Of course, it depends on the thing
for which we're destined to wait.

If it's something dreadful, it's not so much
the wait that bothers us as the knowing.
If, on the other hand, it's something desirable,
the knowing can sometimes make it bearable.

Perhaps that feeling of not-yet
for something our heart desires deeply, 
is the very definition of hope.

That's what makes the timing of Advent
in the northern hemisphere so appropriate.
As fall gives way to winter,
both existentially and literally, the sun
keeps to itself more and more,
leaving us to wonder if the solstice
really is a turning point; casting shadows
of doubt on the notion that,
even though a season of cold is upon us,
the solar arc will enlarge,
leading to the gift of spring.

This is the season in which
the Advent promise unfolds;
the descending darkness into which
we light more and more candles each week.

This season, may we all smell, hear,
touch, see, and taste the deepest desires
for which we wait; may we become,
ourselves, candles of hope in all
of the stories opened to us.

© 2016 Todd Jenkins

Homo erectus


And what rough beast, its hour come round at last,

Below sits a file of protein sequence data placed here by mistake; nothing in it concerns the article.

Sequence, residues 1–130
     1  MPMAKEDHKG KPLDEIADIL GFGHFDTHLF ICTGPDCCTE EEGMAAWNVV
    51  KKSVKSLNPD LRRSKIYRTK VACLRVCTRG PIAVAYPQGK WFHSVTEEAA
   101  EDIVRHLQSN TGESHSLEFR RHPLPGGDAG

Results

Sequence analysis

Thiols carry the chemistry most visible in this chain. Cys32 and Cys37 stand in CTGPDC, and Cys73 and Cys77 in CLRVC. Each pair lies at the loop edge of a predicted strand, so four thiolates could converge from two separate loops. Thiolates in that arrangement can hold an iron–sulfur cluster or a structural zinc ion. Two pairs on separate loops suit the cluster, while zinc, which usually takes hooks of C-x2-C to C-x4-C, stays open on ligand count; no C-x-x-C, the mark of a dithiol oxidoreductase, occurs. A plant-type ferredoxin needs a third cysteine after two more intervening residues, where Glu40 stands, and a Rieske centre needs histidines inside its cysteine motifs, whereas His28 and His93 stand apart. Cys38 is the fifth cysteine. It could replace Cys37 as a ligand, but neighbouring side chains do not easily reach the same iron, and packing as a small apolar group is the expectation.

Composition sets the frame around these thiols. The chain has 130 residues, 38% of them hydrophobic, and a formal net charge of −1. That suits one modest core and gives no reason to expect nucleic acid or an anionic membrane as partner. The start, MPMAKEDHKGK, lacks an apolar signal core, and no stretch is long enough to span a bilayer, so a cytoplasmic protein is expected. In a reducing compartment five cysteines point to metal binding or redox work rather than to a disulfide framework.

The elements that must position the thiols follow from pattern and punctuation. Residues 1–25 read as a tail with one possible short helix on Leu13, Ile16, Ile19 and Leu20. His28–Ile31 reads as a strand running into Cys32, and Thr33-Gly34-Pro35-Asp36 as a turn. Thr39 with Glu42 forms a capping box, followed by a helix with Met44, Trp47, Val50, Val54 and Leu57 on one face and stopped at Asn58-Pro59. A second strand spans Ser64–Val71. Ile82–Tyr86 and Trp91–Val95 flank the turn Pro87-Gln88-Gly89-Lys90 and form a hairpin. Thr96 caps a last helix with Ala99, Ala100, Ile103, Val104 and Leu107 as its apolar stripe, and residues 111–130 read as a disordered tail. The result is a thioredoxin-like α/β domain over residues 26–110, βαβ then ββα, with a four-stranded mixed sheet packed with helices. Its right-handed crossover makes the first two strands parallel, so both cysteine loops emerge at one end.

Slouches towards Bethlehem to be born?
(closing lines of W.B. Yeats' "The Second Coming")

Slouching's a culturally
unacceptable way to stand
or sit, triggering
critique from our elders.

As a means of locomotion,
it also leaves much to be desired.

And yet, slouch is what we do,
maybe even who we are,
so much of the time.

Slouching into cultural expectations
we aren't yet ready
to claim as our own.

Slouching past those
by whom we'd rather
not be recognized.

Slouching down the road
to exhaustion, still searching
for meaning by a life
of perpetual motion.

Slouching back from
one too many rejections.

Slouching across a life
of broken dreams.

This year, again,
will we dare
to slouch toward Bethlehem?

I'm sure we will,
if for no other reason
than this: our greatest hope
is that the journey,
if not Bethlehem itself,
will form us into
Homo erectus at least,
and let us see through
the mirror less dimly at last.

© 2016 Todd Jenkins